that the seals had been broken, and the gum softened; the fingers which
had again pressed down the gummed edge were not as unsullied as 'Sister
Belle's' white rose.

This communication from the Spirit world gave me pause. Here was food
for reflection. It settled many points in dispute among the scientific
Ghosts. First: they were all right on the question of sex; but Hare,
Combe and Cornelia Winnie were wrong as to color. Sister Belle is not a
negress, her hair is not black and in kinks, it is golden, and its curls
are three feet in length, moreover, a _white_ rose is her emblem. And
what a sad domestic tragedy have I not here unearthed. In reading
between the lines of these verses we learn that what darkened the life
of this true and loving woman was a mercenary husband, and that this
husband survived her, and in his unhallowed greed sold her body, and
this, too, at so exorbitant a price, that it required the united purses
of three doctors to induce him to close the bargain.

Secondly: by the message from W---- H----, that most sedate and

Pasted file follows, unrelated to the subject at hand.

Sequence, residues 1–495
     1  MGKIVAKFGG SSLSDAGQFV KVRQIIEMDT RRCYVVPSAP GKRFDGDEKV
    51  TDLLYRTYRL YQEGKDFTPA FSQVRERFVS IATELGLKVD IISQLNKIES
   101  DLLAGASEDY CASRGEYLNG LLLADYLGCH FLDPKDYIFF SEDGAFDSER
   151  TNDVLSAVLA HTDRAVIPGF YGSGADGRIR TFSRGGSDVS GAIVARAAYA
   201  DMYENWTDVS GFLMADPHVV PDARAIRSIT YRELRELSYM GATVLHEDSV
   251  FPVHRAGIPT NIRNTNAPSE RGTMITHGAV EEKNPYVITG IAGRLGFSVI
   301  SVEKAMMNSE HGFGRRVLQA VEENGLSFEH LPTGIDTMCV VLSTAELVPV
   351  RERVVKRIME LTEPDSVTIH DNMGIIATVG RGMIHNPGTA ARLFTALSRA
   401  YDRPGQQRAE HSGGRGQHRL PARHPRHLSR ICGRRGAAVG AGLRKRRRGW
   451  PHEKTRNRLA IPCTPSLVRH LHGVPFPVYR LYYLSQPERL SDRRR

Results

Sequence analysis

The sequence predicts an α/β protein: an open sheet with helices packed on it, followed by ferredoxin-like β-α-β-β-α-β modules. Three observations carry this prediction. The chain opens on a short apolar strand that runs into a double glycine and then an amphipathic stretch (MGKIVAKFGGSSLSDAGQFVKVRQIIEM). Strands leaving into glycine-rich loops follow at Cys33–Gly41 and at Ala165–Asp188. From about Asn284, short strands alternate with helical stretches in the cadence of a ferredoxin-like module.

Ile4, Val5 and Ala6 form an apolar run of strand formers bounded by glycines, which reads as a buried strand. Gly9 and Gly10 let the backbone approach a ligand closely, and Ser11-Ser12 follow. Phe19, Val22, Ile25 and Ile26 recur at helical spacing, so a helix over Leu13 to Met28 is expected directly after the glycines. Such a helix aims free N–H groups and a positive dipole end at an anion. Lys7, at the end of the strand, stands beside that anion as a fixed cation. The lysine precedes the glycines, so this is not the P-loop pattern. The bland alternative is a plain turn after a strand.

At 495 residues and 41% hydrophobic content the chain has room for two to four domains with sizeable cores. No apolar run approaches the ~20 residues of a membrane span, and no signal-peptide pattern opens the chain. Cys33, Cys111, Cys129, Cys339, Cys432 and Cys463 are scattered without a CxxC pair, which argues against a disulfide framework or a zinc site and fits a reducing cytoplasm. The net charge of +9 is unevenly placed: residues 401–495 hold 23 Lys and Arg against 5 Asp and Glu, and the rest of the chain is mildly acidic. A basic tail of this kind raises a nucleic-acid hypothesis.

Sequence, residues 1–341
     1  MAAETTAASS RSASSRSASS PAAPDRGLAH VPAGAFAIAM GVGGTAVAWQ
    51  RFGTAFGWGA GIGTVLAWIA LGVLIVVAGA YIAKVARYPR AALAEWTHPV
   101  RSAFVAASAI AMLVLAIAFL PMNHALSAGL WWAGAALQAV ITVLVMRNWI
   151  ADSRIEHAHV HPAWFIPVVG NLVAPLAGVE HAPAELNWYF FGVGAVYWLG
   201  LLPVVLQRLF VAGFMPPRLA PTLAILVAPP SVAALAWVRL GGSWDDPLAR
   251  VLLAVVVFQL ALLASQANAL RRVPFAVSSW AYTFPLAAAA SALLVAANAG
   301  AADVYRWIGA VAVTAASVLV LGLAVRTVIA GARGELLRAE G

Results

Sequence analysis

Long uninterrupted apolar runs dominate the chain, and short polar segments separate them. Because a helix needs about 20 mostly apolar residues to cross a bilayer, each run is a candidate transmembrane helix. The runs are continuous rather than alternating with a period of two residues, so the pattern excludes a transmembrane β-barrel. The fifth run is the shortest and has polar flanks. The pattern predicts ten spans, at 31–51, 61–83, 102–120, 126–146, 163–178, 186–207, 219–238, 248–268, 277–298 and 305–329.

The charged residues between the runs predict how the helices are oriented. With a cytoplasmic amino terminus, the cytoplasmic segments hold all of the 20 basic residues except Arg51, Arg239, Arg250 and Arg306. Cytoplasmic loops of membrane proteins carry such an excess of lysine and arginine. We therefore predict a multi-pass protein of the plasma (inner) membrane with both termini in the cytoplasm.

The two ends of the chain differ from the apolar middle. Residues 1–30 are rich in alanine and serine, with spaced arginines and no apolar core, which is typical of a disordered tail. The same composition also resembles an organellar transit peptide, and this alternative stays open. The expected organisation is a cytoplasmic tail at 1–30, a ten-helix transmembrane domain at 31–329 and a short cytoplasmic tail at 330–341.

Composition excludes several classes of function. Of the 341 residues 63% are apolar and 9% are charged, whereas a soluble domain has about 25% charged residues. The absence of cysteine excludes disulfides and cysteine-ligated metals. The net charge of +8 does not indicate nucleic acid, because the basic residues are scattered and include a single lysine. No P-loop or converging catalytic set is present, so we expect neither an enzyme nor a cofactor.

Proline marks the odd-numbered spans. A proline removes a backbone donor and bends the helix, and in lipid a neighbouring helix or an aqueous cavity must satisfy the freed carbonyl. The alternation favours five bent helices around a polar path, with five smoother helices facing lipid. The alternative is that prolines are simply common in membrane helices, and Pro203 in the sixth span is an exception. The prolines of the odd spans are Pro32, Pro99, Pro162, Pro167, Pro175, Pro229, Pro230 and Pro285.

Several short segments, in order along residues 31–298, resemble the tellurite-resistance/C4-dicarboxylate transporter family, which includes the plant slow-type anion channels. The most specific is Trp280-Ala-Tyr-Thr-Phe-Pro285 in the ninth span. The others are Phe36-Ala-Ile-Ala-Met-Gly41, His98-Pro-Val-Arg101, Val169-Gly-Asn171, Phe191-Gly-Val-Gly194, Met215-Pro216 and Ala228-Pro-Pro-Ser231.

respectful of all respectful colored servants, the moralist may learn
anew the truth that Death is a leveller of all distinctions. Not even
when the Emperor Charlemagne appeared at a Materializing Seance in a
dress-coat and standing collar, and apologetically remarked that 'Kings
leave their ermine, sir, at the door of the tomb,' not even then was
this great truth driven so profoundly home as when W---- H---- greeted me
by my Christian name, and hailed me 'brother.'

Need it be added that I gratefully remitted to Medium Number Three a
double fee, and do yet consider myself many times her debtor? Her
gratitude to me found expression in another outburst of song.